Chesapeake Energy Corp,the Oklahoma-based firm is the No. 1 driller in Ohio.
Rig Count Interactive Map by Baker Hughes, an energy services company.
Shale Sheet Fracking, a Youngstown Vindicator blog.
The Ohio Environmental Council, a statewide eco-group based in Columbus.
Earthjustice, a national eco-group.
People's Oil and Gas Collaborative-Ohio, a grass-roots group in Northeast Ohio.
Concerned Citizens of Medina County, a grass-roots group.
No Frack Ohio, a Columbus-based grass-roots group.
Fracking: Gas Drilling's Environmental Threat by ProPublica, an online journalism site.
Pipeline, blog from Pittsburgh Post-Gazette on Marcellus shale drilling.
Allegheny Front, environmental public radio for Western Pennsylvania.
From the Youngstown Vindicator:
By BURTON SPEAKMAN
YOUNGSTOWN, Ohio — Those who received bonus payments from oil and gas leases in 2012 may have a little extra tax to pay on their 2013 state returns.
Individuals or couples earning more than $150,000 per year are subject to filing under the state’s Commercial Activity Tax, said Benjamin DiGirolamo, supervisor at Hill, Barth and King LLC, a Youngstown-based accounting firm.
Those who earned between $150,000 and $1 million will pay a flat rate of $150 in commercial activity tax to the state. Earnings of more than $1 million are taxed at .26 percent.
’The majority of those who have to pay the CAT tax will have to pay $150,’ DiGirolamo said.
It’s important that people realize if they received a bonus payment, they will have to register with the state for the commercial activity tax, and then cancel that
account if royalty payments are not made for a couple of years or if their taxable income, even with royalties, falls below $150,000, he said. Once royalty payments begin, they may have to register again.
The state decided that by signing a lease with an oil and gas company, an individual has become part of the oil and gas business for tax purposes, DiGirolamo said.
Those who signed leases also may want to look at real-property-tax implications. Oil and gas are considered by the state to be real property, said Stan Dixon, deputy tax commissioner for the Ohio Department of Taxation.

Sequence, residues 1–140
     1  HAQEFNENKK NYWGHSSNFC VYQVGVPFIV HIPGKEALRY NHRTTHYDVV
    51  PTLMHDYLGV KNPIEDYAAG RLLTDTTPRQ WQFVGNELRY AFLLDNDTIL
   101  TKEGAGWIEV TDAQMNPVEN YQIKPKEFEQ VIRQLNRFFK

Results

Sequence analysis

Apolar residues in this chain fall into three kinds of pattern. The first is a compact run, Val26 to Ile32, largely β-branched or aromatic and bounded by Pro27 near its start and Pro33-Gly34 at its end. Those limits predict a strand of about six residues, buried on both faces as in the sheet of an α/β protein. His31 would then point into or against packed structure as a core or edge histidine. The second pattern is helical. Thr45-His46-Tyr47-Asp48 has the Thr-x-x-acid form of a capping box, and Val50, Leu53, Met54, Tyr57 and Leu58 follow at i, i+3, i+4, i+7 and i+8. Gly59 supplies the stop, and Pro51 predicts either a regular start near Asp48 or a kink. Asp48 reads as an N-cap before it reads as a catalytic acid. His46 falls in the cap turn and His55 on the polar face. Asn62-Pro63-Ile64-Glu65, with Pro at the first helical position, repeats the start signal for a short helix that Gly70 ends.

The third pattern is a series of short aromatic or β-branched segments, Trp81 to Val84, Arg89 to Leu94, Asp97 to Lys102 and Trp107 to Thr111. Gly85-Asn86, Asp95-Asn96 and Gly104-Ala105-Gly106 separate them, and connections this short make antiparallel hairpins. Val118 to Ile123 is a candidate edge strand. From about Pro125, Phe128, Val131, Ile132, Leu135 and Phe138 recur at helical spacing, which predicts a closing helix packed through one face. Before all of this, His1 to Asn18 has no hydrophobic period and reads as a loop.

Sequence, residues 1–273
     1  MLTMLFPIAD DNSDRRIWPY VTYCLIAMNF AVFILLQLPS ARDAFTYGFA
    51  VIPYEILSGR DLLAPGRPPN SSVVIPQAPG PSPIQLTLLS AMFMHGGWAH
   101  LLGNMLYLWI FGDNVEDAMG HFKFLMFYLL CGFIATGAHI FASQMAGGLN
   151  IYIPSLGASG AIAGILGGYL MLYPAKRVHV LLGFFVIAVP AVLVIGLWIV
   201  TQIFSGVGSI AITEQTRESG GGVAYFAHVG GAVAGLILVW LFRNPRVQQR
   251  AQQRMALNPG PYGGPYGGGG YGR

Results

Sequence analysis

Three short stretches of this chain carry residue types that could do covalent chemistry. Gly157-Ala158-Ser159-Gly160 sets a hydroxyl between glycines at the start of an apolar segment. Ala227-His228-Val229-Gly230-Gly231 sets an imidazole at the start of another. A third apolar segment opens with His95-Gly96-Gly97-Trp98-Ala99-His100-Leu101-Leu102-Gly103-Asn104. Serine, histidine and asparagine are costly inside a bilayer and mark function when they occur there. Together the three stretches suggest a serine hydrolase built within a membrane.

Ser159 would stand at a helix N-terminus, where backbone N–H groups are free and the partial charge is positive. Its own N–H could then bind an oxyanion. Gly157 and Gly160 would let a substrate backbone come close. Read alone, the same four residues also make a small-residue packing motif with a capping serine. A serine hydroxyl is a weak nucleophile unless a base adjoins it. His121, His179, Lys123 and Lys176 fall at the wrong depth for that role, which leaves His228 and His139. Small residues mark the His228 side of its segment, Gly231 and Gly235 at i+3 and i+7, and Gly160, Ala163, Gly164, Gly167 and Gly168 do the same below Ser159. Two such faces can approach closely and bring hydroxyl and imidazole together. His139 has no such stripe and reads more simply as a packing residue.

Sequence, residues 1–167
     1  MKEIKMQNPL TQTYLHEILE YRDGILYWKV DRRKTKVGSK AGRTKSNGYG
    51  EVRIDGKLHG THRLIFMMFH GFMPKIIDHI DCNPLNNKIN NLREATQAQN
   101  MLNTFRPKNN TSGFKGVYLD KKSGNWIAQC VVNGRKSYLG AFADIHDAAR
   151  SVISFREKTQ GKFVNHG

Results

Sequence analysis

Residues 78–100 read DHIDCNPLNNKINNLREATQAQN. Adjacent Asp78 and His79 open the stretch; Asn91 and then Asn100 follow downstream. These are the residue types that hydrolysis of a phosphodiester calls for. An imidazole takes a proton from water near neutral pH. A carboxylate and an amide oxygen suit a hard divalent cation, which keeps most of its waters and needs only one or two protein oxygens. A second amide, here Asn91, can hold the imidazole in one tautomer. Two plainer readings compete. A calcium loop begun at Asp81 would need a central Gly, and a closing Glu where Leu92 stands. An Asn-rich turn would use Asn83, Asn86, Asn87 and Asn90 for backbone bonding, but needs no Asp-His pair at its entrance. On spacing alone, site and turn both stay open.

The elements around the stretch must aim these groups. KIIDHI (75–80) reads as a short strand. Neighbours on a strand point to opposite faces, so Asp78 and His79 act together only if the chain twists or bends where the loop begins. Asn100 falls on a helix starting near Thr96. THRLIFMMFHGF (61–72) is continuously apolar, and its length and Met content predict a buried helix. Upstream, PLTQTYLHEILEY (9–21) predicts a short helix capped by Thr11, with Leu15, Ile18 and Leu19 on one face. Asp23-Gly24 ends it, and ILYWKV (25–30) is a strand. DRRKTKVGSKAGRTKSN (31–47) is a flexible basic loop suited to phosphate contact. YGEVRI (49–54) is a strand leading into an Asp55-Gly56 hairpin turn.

’A complicated formula creates a tax factor for oil and gas. This tax factor is used in calculating a value of the remaining reserve,’ he said.
Oil and gas value is taxed the same way as any type of real property, Dixon said. If mineral rights were deeded to the oil company, they will receive the tax bill, but if rights were leased, the lease agreement will state who is responsible for paying the tax.
There are other issues that those who received bonus or royalty payments should
The bonus payments come with no standard deduction and must be paid as income tax, said George Millich, a tax attorney for Harrington, Hoppe & Mitchell LTD, a Youngstown-based law firm.
’Those who receive royalties can get a 15 percent depletion deduction, and that comes right off the top,’ DiGirolamo said.
There is no depletion deduction available for bonus payments, Millich said.
Bonus recipients are not likely to, but could have to make prepayments to both federal and state taxing agencies, he said. Individuals need to check to make sure their income did not increase so much they have to prepay taxes to the state and federal government.
’Although it is unlikely, based on prior income requirements, that most of those who received lease bonuses would have to file,’ DiGirolamo said. Prepayments are more likely to become necessary when people begin receiving bonus payments.
Capital gains taxes also are unlikely to be an issue for those who signed oil and gas leases because there is no transfer of property, Millich said. Capital-gains taxes are not going to occur for any property owner who maintains a royalty interest, DiGirolamo said.
Each situation is different based upon that individual’s total economic profile. Landowners can use losses in other businesses to offset financial gains from lease bonuses or royalties, said Del Harlan, executive administrator of personal and school district income tax division of the state deparment of taxation.
More information about the state’s commercial activity tax is available at http://tax.ohio.gov/commercial—activities.aspx.